Dilapidated, depressing and not fit for human habitation: welcome to St Senan’s
Watchdog paints a damning picture of psychiatric facilities
THE plight of patients forced to live in dilapidated, depressing Victorian psychiatric facilities which are not fit for human habitation, is exposed in a series of reports.
Despite decades of promises, the inspector of mental health services has found patients surrounded by peeling paint or placed in seclusion, sometimes for months, in rooms which are grim and dark.
One of the worst offenders continues to be St Senan's Hospital in Enniscorthy, Co Wexford, where patients with a mental illness or intellectual disability live in dormitory-style rooms in a building not fit for purpose.
Wards are cramped and residents have no privacy, an inspection report has found.
When the inspector from the Mental Health Commission visited in April, two residents had been in seclusion since January in a dark room with an offensive odour.
An inspection of the psychiatric service in Mountjoy jail found no full team of specialists available to prisoners who were mentally ill, with men facing average waiting times of 17 days to be sent to the Central Mental Hospital.
The inspector expressed concern that "at times the only resource available to the prison mental health service to safeguard vulnerable prisoners was to place them in safety observation cells, sometimes for weeks".
The decision was taken by nursing staff without the necessity for a medical review after four hours. The inspector was impressed with improvements in Cloverhill prison.
In St Brigid's Hospital, Ardee, Co Louth, healthcare assistants could not be employed because of the recruitment embargo.
Nine of the 19 residents in its St Ita's ward did not have appropriate physical examinations completed for more than six months. The hospital's seclusion room was old and unsuitable although it was promised a new facility would open soon.
In St Camillus's Hospital, in Limerick, a number of elderly residents aged 67 to 90 years were left with little stimulation during the day with little space on one of its wards.
The inspector also discovered that due to "operational difficulties", including lack of staff, patients who came from the emergency departments had to be placed in the psychiatric unit .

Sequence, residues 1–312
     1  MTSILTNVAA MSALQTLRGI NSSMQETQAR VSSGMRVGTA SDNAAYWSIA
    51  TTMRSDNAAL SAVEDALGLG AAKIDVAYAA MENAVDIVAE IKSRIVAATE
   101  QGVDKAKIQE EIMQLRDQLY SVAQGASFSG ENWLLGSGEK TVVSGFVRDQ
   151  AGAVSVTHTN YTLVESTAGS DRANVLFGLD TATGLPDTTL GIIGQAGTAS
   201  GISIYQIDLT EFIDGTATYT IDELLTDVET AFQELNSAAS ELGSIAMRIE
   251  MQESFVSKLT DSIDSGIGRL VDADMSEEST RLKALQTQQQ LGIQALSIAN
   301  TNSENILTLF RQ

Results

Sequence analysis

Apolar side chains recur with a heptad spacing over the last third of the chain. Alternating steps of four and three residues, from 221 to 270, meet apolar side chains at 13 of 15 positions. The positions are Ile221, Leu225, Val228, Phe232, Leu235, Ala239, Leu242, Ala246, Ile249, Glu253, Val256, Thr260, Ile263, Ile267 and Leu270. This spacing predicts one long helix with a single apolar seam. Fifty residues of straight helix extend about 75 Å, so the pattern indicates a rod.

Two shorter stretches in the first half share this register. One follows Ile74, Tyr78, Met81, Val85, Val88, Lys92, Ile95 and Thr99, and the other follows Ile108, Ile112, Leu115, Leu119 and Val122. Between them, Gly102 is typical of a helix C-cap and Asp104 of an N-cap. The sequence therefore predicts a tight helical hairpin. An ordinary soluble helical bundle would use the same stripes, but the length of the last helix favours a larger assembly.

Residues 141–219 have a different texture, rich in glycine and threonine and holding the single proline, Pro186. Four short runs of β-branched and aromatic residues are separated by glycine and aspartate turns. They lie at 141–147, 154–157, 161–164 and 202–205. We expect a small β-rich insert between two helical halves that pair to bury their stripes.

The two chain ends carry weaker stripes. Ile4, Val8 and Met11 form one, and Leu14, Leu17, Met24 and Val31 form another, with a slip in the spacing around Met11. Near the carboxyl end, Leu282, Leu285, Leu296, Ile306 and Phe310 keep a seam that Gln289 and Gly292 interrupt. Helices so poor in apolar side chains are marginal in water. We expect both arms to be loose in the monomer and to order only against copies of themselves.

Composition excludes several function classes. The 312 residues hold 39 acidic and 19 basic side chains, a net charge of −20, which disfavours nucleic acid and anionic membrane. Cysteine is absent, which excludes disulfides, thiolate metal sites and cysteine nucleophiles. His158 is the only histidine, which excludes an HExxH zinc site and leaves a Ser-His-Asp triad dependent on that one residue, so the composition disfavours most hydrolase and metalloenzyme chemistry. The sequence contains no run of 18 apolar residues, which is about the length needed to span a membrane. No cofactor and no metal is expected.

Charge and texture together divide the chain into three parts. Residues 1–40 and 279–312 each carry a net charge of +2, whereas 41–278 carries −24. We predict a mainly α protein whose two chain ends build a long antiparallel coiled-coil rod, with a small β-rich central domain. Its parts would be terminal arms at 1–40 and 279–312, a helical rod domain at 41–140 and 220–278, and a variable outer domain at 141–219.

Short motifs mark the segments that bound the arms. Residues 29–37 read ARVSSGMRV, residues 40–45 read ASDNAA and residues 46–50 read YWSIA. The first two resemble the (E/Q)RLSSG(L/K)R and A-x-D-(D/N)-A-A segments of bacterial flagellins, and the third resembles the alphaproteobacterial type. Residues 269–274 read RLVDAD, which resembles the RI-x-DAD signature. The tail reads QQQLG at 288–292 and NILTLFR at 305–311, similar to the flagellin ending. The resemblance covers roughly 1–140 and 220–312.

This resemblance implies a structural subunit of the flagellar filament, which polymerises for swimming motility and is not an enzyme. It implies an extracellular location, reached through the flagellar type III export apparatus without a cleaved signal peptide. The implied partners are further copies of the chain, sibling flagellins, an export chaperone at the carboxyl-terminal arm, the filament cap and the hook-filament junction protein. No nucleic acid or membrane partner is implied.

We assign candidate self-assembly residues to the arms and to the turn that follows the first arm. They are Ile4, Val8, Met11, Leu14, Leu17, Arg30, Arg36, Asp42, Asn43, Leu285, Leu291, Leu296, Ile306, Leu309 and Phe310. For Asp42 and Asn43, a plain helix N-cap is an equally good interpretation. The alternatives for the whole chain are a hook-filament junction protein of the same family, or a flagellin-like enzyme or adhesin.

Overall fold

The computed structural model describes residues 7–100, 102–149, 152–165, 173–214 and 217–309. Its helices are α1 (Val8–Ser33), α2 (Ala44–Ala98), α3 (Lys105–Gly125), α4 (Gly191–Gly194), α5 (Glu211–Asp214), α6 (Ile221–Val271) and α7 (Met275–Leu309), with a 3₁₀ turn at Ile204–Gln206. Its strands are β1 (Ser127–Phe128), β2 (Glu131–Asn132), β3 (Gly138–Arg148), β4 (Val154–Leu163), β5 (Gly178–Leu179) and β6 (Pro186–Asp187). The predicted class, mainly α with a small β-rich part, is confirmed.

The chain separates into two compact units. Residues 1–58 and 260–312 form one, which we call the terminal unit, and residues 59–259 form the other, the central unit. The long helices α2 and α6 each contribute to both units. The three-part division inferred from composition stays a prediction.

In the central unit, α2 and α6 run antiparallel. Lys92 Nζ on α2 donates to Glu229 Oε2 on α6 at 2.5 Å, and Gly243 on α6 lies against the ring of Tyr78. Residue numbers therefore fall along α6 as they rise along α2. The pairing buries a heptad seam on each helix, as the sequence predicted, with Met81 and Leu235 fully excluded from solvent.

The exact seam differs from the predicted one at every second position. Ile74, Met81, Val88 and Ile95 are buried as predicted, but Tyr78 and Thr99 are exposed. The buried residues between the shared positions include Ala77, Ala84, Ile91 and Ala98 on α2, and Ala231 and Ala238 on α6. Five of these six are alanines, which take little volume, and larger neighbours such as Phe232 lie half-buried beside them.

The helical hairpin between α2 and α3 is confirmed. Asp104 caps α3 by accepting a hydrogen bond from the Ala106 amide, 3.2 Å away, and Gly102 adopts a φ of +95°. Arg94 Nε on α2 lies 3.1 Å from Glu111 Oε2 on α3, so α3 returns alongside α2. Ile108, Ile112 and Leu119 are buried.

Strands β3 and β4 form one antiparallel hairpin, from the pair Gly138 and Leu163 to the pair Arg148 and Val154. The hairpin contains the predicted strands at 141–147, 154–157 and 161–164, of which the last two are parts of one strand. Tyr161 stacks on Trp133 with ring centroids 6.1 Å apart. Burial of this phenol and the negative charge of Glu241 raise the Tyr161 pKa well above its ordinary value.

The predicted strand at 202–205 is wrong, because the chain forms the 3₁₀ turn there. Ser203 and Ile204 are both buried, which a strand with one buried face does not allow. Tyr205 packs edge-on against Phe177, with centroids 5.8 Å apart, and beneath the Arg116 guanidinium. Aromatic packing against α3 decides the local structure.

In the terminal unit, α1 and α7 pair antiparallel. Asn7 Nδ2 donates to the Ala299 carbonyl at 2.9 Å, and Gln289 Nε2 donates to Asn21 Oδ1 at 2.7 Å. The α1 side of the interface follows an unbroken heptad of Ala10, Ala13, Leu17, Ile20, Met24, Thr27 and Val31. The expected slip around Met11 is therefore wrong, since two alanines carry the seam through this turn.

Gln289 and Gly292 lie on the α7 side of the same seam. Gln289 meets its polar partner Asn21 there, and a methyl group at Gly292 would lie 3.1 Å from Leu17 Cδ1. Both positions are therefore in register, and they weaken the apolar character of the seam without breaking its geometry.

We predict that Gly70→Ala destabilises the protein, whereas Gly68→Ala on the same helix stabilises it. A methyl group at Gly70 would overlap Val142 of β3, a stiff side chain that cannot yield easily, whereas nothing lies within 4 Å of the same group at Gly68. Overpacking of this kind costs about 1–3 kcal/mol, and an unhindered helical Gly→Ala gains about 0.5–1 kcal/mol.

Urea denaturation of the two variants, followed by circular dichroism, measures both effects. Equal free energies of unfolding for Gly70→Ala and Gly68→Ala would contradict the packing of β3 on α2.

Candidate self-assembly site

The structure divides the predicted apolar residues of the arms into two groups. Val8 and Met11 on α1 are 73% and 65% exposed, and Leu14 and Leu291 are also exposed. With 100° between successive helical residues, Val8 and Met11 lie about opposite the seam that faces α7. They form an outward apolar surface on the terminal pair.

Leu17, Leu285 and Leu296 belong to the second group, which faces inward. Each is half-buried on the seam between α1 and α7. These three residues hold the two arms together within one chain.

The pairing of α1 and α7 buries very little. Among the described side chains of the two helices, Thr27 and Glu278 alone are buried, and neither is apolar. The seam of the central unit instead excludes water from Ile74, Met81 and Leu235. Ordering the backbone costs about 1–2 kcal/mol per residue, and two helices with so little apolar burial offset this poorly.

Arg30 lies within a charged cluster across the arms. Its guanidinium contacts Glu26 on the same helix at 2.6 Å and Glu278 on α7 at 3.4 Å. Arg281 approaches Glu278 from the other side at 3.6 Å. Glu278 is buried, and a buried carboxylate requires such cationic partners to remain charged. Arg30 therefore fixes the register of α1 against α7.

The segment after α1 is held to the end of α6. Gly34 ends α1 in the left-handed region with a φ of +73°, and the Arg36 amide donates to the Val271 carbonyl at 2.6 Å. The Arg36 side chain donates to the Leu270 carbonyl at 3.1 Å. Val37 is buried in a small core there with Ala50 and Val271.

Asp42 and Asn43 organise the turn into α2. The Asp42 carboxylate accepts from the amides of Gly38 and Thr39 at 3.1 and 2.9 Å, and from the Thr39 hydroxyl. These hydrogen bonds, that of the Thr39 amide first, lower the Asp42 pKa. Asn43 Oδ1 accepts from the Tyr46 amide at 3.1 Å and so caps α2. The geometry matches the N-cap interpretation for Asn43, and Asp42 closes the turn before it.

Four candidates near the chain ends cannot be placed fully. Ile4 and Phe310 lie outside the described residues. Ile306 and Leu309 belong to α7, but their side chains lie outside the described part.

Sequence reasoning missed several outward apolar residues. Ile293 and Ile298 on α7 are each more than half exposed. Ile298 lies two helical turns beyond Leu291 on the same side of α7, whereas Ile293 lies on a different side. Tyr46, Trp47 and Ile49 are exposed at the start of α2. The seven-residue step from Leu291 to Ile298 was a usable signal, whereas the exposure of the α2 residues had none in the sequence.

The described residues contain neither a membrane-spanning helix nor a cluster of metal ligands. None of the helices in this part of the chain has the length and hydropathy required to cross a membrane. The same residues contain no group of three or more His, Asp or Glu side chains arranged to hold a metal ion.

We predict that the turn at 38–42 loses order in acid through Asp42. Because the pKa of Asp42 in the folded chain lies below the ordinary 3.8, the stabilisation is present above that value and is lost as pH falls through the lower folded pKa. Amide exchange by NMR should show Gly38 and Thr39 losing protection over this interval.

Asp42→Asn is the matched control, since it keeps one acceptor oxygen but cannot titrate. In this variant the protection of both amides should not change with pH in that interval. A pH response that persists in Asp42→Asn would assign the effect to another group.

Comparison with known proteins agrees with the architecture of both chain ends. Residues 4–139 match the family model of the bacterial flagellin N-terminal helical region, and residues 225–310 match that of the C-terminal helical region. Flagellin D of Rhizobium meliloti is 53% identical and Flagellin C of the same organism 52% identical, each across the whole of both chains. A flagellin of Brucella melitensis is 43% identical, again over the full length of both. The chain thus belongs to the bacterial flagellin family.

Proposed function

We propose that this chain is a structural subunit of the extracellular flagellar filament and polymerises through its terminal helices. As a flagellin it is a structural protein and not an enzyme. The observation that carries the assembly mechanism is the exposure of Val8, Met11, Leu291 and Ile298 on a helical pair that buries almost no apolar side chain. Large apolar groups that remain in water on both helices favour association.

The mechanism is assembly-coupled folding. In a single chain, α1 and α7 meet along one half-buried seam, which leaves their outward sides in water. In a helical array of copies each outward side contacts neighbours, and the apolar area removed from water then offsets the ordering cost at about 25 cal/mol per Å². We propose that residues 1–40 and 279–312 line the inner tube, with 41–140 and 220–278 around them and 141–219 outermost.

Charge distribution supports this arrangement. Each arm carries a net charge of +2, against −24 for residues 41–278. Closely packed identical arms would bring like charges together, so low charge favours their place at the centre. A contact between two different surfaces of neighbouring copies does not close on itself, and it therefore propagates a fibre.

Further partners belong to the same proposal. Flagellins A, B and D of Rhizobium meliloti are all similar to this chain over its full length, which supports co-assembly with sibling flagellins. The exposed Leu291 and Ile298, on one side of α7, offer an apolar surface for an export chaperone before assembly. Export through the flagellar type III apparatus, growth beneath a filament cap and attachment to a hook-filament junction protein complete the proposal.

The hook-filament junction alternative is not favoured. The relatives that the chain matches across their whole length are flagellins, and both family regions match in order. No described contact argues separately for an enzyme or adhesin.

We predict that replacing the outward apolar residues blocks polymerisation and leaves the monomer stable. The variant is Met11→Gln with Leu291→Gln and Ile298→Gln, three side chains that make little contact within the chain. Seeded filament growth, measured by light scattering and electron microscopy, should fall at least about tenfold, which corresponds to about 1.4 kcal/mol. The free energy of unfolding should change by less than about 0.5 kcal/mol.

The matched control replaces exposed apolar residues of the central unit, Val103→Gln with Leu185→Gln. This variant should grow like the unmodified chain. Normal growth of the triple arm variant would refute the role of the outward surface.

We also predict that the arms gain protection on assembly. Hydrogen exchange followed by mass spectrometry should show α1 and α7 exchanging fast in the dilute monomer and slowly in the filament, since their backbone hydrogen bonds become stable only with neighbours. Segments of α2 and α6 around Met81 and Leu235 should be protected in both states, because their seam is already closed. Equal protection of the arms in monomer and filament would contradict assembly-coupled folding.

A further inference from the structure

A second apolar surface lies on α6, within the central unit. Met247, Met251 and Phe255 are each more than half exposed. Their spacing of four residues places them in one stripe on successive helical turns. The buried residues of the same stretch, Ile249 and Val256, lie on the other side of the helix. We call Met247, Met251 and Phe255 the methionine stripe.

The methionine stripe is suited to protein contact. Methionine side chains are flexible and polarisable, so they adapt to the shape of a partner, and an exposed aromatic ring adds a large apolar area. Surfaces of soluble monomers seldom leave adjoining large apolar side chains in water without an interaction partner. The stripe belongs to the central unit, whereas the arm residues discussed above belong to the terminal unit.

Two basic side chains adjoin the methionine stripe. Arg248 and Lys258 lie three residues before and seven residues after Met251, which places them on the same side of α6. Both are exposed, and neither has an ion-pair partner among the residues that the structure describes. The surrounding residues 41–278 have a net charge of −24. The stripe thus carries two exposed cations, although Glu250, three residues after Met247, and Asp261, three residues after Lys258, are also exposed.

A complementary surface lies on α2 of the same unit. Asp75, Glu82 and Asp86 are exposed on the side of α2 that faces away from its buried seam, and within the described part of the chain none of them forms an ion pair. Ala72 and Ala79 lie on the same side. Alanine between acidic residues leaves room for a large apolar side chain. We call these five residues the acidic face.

The ongoing scandal of residents being forced to live in sub-standard conditions looks set to continue, as €50m, which it was hoped would be generated from the sale of old buildings and lands, has failed to materialise due to the property slump.
There had been a promise that this money would be ringfenced to modernise mental health services and move people from the worst hospitals. However, the plan has only realised a fraction of that money.
Hugh Kane, chief executive of the Mental Health Commission said yesterday other reports were also due to be published. He said, following instructions last year, there would be no new admissions to St Senan's Hospital from March.
Deadlines for the closure or refurbishment of wards in St Ita's Hospital would also be met with a delay of some weeks, he added.
"There are some places where patients should not placed and we will continue, as the watchdog, to highlight them and set deadlines for change in a planned and structured way," he added.
He pointed out that St Patrick's Hospital, in Dublin, a private facility, got full marks.
"Yet it is the oldest of the psychiatric buildings so really there is no excuse for poor conditions no matter how long the hospital has been there," he added.
Psychiatric units: verdicts from the inspectors
St Senan's Hospital, Enniscorthy, Co Wexford
"Inside was dilapidated, depressing and not fit for human habitation. Residents are cared for in wards that were cramped, run-down and afford no privacy. Paint peeling from most walls."
Mountjoy jail psychiatric service
"Prisoners placed in safety observation cells, sometimes for periods of weeks . . . no medical review after four hours . . . should only be placed in safety observation cells as a last resort."
St Camillus's Hospital, Limerick
"Residents had very little to occupy themselves during the day and there continued to be a lack of space at Curragour ward. Placing medical patients in psychiatric units due to staff shortages must stop immediately."
St Brigid's Hospital, Ardee, Co Louth
"The seclusion room was old and unsuitable for modern purposes."